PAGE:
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Significance Of The Bacteriophage Treatment Schedule In Reducing Salmonella Colonization Of Poultry

Carlota Bardina, Denis A. Spricigo, Pilar Cortés, Montserrat Llagostera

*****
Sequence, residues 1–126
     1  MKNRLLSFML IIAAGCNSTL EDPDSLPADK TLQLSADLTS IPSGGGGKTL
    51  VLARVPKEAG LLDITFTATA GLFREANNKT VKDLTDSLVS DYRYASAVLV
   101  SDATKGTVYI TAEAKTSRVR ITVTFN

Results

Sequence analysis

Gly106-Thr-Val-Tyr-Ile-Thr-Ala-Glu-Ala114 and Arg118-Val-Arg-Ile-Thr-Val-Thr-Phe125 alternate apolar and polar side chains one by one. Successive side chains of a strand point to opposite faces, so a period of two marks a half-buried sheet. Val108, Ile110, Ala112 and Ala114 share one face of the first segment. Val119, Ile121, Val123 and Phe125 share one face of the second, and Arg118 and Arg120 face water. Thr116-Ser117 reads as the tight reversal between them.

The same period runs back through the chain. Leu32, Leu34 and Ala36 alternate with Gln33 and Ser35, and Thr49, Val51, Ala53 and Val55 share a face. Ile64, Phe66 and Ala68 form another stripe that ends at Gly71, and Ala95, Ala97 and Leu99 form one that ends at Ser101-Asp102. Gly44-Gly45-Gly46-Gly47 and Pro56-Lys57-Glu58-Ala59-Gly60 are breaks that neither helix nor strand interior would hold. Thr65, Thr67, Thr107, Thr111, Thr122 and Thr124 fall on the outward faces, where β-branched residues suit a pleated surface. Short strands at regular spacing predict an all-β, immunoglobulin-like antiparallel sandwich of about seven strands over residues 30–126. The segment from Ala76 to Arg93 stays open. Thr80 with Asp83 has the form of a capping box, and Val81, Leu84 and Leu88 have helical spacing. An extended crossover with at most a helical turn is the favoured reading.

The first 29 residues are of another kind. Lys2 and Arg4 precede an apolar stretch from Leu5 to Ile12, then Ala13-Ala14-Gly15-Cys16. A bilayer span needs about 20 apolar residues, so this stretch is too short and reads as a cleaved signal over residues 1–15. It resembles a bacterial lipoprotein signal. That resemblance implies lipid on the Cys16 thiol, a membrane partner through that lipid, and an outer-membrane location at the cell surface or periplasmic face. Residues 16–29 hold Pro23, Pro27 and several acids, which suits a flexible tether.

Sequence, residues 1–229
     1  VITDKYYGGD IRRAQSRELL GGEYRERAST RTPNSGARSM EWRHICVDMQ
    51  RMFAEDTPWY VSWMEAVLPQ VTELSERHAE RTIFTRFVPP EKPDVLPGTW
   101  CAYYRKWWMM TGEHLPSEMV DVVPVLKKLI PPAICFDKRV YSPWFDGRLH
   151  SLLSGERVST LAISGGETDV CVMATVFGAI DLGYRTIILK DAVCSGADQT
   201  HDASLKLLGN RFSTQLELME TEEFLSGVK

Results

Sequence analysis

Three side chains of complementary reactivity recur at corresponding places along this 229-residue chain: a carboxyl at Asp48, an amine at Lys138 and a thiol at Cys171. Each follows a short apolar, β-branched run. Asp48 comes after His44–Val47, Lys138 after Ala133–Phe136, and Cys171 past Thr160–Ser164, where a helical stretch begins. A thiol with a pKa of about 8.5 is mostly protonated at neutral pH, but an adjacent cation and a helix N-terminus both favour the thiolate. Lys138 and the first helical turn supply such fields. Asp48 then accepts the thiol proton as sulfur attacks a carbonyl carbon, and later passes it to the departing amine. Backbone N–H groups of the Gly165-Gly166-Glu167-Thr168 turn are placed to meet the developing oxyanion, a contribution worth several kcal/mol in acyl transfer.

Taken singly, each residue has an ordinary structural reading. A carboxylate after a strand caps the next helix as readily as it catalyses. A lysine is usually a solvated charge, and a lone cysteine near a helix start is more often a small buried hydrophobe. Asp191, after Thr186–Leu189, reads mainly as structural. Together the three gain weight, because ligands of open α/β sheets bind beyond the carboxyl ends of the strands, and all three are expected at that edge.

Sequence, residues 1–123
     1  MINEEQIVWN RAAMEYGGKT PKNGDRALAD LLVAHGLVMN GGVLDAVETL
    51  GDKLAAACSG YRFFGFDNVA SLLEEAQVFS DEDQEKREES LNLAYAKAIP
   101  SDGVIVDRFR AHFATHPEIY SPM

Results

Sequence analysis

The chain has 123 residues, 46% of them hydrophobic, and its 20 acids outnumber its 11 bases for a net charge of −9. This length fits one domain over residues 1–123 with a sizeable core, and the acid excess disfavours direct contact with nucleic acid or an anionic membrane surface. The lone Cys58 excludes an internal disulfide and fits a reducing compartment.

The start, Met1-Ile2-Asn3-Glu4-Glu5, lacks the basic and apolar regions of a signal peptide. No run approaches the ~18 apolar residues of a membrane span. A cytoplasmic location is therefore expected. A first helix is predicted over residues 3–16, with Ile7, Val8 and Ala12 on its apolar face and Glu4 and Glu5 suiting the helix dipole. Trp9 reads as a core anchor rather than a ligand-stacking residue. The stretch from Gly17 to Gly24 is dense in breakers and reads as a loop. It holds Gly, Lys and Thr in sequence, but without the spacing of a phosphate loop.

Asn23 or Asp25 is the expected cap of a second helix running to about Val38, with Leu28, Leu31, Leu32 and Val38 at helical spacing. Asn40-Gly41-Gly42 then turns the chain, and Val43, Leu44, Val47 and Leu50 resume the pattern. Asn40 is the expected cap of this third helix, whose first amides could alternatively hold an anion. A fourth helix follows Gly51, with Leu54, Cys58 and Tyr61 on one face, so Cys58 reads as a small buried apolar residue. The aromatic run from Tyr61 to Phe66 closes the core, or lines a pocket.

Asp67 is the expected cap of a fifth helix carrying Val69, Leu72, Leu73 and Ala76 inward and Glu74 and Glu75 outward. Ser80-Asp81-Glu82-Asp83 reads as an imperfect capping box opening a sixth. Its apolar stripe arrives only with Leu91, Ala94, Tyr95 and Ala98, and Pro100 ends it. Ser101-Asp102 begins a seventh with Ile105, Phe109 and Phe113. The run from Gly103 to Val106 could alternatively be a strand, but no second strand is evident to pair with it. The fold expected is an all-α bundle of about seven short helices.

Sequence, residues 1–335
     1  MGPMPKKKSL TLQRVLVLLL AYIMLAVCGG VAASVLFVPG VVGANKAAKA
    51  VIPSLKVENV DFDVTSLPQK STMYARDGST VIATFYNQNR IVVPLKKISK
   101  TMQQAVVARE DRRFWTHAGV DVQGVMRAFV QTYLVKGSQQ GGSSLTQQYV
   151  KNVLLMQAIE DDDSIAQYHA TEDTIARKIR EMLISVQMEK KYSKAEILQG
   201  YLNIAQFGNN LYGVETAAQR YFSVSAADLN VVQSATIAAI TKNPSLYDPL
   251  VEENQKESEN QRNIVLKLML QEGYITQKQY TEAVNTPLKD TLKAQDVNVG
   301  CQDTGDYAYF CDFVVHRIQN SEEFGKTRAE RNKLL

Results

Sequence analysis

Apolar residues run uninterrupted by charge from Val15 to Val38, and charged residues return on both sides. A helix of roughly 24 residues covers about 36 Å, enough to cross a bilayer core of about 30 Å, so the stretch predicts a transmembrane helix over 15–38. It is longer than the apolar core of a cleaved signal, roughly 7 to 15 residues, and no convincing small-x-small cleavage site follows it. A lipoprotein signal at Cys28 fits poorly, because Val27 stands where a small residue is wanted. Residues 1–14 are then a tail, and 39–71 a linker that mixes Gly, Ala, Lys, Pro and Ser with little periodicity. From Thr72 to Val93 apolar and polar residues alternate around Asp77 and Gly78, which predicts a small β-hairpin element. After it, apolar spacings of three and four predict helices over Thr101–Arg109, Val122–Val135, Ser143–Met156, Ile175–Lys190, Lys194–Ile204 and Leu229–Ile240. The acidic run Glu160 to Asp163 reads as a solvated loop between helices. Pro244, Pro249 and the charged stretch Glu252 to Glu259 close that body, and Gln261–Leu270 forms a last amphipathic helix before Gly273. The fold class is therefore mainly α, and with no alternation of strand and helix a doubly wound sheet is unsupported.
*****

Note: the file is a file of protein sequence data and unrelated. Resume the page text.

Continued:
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ABSTRACT Salmonella remains the major cause of food-borne diseases worldwide, with chickens known to be the main reservoir for this zoonotic pathogen. Among the many approaches to reducing Salmonella colonization of broilers, bacteriophage offers several advantages. In this study, three bacteriophages (UAB_Phi20, UAB_Phi78, and UAB_Phi87) obtained from our collection that exhibited a broad host range against Salmonella enterica serovar Enteritidis and Salmonella enterica serovar Typhimurium were characterized with respect to morphology, genome size, and restriction patterns. A cocktail composed of the three bacteriophages was more effective in promoting the lysis of S. Enteritidis and S. Typhimurium cultures than any of the three bacteriophages alone. In addition, the cocktail was able to lyse the Salmonella enterica serovars Virchow, Hadar, and Infantis. The effectiveness of the bacteriophage cocktail in reducing the concentration of S. Typhimurium was tested in two animal models using different treatment schedules. In the mouse model, 50% survival was obtained when the cocktail was administered simultaneously with bacterial infection and again at 6, 24, and 30 h postinfection. Likewise, in the White Leghorn chicken specific-pathogen-free (SPF) model, the best results, defined as a reduction of Salmonella concentration in the chicken cecum, were obtained when the bacteriophage cocktail was administered 1 day before or just after bacterial infection and then again on different days postinfection. Our results show that frequent treatment of the chickens with bacteriophage, and especially prior to colonization of the intestinal tract by Salmonella , is required to achieve effective bacterial reduction over time.